Medicinal Uses of Bee Balm Bee Balm is a plant that was used often, both medicinally and as a beverage by American Indians and by the European settlers in America. Oswego Tea, made from the leaves of the plant, was a staple in households during colonial times after the settlers lost access to English teas after the Boston Tea Party. Today, Bee Balm is still used widely for a variety of medicinal purposes, and limited testing has shown that it does have some benefits as a remedy for quite a few common medical complaints. As a member of the Mint family, it is no surprise that Bee Balm taken in a tea (Oswego Tea) is a tasty, well-known remedy for digestive problems, a trait seen in almost all Mint family members. Health Benefits Of Parsley, One of Nature's Top Antioxidant Foods Parsley has much more use than just being a decorative garnish on your plate. Parsley is actually a storehouse of nutrients that features a delicious green and vibrant taste. The health benefits of parsley come from two components — its volatile oils and antioxidants called flavonoids. It's a little-known fact that herbs (and spices) such as parsley have far greater concentrations of antioxidants than any common fruit or vegetable source. Herbs also contain a particularly wide variety of antioxidants as well, making them one of the top antioxidant foods around.
Growing Echinacea Echinacea, popularly known as coneflower, has created a sensation among those who like to dabble in herbal healing. German medical studies have proven that echinacea does indeed boost the immune system, and is useful in treating a number of common ailments. We'll talk more about using echinacea medicinally In Using Echinacea, but first, let's get it growing. The good news for gardeners is that echinacea is not only useful, it's also a beautiful addition to your perennial beds and borders, and is hardy even in very cold climates. The only thing echinacea can be somewhat fussy about is too much moisture. It likes a fairly dry soil, and should never have to sit very long with it's roots in wet, soggy soil.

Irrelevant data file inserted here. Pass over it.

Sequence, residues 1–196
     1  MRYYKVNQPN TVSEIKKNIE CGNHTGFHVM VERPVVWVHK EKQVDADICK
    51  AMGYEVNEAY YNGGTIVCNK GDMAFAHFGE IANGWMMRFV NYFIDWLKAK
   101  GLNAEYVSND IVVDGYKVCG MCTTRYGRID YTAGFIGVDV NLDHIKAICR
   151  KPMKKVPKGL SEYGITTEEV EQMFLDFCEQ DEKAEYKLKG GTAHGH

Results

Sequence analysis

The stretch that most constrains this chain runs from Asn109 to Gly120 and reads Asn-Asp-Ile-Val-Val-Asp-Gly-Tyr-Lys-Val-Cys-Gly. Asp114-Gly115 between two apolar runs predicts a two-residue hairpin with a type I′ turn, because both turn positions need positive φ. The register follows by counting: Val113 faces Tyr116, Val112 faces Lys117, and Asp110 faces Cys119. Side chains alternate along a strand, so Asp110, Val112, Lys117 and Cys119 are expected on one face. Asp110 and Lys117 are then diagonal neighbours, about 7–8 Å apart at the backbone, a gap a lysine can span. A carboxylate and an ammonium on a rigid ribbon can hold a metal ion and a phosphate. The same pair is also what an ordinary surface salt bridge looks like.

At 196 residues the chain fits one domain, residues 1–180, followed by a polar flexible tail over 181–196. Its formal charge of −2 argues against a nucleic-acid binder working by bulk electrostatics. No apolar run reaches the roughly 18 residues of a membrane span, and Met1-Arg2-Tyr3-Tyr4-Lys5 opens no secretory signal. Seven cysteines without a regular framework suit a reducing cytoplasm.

Food Foraging: Find Wild Edible Plants - Mother Earth News We owe a lasting debt of gratitude to the desperate soul who “discovered” the oyster or stewed that first possum. In the early, hit-or-miss days of foraging, our ancestors learned the hard way about the laxative properties of the senna plant, and to eat only the stems of rhubarb and not the poisonous leaves. Through trial and the occasional fatal error, we sorted the edible from the inedible, the useful from the harmful. After World War II, when American agriculture was fully conquered by industry and supermarkets full of frozen foods popped up across the land — yes, like weeds — foraging came to be regarded as uncouth, probably unhealthy and certainly out of step with modern times. Why then, a half-century later, do we find purslane — a vigorous, succulent “weed” once routinely cursed by gardeners — on the menu of nearly every fine dining restaurant in the country?